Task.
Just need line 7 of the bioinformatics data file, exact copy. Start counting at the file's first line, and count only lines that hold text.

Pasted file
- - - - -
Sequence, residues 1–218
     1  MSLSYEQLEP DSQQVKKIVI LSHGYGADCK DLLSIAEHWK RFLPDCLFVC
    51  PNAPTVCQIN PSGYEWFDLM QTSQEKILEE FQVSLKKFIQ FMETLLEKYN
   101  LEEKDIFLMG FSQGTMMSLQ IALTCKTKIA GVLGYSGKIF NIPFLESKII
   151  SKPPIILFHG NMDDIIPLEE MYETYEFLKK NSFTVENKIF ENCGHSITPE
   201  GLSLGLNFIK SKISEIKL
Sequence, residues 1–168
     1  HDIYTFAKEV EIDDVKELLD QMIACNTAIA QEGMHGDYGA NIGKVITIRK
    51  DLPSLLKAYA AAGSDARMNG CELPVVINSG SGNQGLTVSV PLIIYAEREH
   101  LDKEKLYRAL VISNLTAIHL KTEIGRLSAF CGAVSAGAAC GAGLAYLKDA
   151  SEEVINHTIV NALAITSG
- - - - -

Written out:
Sequence, residues 1–168